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Funding arrangements, planning continue for Marquette Greenway Trail

U.S. Department of Transportation website

The Marquette Greenway Trail continues to see gradual progress. When complete, it will provide a continuous bike trail from Chicago to Michigan. Mitch Barloga with the Northwestern Indiana Regional Planning Commission (NIRPC) says many of the 44 planning segments have been completed or funded.

"The thing about the Greenway, which is amazing, because it is so long, I mean, there's always parts of it that are being funded and opened every year," Barloga told Lakeshore Public Media.

In December, the Indiana Department of Natural Resources awarded $5 million dollars to the town of Burns Harbor and almost $2.1 million to the town of Porter, as part of the fourth round of the Next Level Trails program.

The National Park Service has also approved a new route for the current Calumet Trail, which could be finished as soon as this year. Barloga said it will move parts of the route out from under NIPSCO lines, solving longstanding drainage issues in the process.

"Well, we're going to come off of the [NIPSCO] corridor and kind of wind ourselves through the foliaged area of the [Indiana Dunes] National Park, reaching places in the National Park that, in the past, really haven't been populated, haven't been visited," Barloga explained.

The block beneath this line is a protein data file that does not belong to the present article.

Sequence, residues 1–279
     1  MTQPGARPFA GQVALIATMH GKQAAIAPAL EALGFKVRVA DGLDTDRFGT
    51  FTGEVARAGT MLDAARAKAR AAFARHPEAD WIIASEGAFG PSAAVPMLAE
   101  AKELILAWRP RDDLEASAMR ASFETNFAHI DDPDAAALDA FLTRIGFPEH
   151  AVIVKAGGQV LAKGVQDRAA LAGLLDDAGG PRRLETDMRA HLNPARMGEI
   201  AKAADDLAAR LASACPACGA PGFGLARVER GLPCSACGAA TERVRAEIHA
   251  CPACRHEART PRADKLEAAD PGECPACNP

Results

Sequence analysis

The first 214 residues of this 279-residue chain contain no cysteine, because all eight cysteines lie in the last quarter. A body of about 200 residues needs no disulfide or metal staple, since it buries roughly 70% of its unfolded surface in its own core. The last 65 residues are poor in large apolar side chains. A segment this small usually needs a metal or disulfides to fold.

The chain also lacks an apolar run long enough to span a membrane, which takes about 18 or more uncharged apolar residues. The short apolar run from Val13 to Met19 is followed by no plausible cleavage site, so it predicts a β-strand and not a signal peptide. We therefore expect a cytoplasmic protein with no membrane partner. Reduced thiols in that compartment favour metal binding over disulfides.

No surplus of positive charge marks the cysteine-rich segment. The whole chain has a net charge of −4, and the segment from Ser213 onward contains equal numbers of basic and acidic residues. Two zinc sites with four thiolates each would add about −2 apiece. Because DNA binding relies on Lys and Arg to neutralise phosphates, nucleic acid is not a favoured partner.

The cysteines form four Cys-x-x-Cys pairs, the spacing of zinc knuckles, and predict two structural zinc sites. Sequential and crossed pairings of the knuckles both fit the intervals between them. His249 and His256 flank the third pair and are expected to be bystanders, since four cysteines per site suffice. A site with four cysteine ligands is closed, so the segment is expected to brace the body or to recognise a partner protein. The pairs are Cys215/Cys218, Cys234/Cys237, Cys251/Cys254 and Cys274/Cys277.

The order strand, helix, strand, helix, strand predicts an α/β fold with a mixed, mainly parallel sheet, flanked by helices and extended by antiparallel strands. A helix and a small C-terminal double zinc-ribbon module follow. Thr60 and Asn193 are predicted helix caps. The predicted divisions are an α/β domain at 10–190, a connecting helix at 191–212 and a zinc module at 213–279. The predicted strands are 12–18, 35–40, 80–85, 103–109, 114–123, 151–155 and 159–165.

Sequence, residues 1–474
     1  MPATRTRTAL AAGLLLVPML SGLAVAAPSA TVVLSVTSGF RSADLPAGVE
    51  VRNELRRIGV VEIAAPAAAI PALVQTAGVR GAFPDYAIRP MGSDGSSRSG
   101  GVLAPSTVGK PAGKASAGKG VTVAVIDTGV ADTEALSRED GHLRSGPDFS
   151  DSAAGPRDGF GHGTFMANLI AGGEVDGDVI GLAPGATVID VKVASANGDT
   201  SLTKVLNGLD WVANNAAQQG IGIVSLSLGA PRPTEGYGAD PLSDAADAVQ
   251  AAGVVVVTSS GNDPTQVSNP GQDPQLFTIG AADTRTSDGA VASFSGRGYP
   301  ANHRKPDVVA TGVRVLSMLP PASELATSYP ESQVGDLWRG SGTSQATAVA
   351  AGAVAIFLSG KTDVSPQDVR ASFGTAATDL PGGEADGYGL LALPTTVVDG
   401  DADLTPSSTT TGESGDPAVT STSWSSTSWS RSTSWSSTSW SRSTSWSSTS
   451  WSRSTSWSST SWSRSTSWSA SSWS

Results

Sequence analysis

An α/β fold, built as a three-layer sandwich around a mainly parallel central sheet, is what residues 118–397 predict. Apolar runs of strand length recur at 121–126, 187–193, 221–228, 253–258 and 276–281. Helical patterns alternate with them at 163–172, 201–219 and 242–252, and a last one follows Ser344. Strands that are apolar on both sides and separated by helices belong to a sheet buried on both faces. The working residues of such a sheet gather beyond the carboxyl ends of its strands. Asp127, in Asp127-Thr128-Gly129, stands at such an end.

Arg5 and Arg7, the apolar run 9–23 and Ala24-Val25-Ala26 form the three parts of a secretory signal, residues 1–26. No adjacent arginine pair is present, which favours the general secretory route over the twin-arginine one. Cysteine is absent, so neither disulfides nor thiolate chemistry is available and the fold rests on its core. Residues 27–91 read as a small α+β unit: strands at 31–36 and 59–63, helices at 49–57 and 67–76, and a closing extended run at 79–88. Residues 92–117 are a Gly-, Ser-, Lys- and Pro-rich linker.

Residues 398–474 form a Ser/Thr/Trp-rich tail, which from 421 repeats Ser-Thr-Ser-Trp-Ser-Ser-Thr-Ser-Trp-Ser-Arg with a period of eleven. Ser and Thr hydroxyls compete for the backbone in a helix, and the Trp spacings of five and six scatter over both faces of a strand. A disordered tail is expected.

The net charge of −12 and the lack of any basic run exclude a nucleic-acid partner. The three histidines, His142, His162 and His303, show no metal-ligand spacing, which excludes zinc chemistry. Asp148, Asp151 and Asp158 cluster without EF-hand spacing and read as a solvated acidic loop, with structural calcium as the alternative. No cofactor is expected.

Last month, NIRPC hired Butler, Fairman and Seufert to serve as project manager — overseeing design work in Portage and Gary, construction in Michigan City, and design and construction in New Buffalo Township, Michigan. Barloga said the portion of the Marquette Greenway in western Gary is particularly challenging, since there's no straightforward route around industry and active railroads, and natural areas are also environmentally sensitive.

"So in many ways, we really can't invade them, but at the same time, we want people to enjoy these pockets of beauty that are throughout the Region, that are even tucked into some of the most industrialized areas of our county," Barloga added.

But he said the project may benefit from Portage's efforts to extend Burns Parkway near the South Shore station.

Still, Barloga hopes to launch a private fund effort for the remaining portions, which, he said, has been successful in other places, like Cincinnati. "They wanted $5 million. They raised $10 million because, again, these projects just sell themselves," Barloga said.

He hopes the full, 60-mile bike trail will be complete by 2030, if not sooner.